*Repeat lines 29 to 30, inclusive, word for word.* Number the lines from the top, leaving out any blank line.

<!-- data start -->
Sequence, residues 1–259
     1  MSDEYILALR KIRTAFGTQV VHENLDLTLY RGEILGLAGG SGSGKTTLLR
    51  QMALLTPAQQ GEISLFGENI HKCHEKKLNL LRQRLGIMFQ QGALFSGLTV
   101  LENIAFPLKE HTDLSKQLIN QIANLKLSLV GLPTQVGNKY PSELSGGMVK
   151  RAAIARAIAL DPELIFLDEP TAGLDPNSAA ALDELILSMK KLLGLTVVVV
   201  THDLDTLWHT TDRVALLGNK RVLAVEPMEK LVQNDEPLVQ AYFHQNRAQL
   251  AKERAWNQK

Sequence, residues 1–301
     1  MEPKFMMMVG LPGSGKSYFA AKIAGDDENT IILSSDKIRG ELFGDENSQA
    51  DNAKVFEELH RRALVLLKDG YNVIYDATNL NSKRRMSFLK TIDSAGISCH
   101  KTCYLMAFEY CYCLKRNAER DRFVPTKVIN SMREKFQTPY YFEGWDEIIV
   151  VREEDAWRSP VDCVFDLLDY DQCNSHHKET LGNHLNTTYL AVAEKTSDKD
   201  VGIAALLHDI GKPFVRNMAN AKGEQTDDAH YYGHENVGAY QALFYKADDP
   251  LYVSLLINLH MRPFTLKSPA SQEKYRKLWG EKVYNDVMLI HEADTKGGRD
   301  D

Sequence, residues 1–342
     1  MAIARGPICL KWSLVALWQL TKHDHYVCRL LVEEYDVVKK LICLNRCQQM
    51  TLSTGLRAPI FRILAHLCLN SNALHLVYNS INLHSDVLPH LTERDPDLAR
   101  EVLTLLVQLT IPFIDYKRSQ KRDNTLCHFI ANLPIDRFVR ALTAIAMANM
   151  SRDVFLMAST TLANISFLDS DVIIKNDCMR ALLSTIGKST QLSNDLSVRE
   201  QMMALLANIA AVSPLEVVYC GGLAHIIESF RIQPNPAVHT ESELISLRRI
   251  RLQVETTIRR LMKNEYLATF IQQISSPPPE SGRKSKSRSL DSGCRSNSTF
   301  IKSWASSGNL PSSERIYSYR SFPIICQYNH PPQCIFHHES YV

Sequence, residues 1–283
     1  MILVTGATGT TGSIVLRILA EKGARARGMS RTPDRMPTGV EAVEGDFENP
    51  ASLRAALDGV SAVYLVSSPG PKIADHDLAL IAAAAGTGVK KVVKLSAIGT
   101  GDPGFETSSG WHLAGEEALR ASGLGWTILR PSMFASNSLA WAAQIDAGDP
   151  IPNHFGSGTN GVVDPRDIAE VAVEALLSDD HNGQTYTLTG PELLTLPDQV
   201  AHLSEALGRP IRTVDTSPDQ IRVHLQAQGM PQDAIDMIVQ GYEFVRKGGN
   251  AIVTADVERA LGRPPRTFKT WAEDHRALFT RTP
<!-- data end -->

   201  AHLSEALGRP IRTVDTSPDQ IRVHLQAQGM PQDAIDMIVQ GYEFVRKGGN
   251  AIVTADVERA LGRPPRTFKT WAEDHRALFT RTP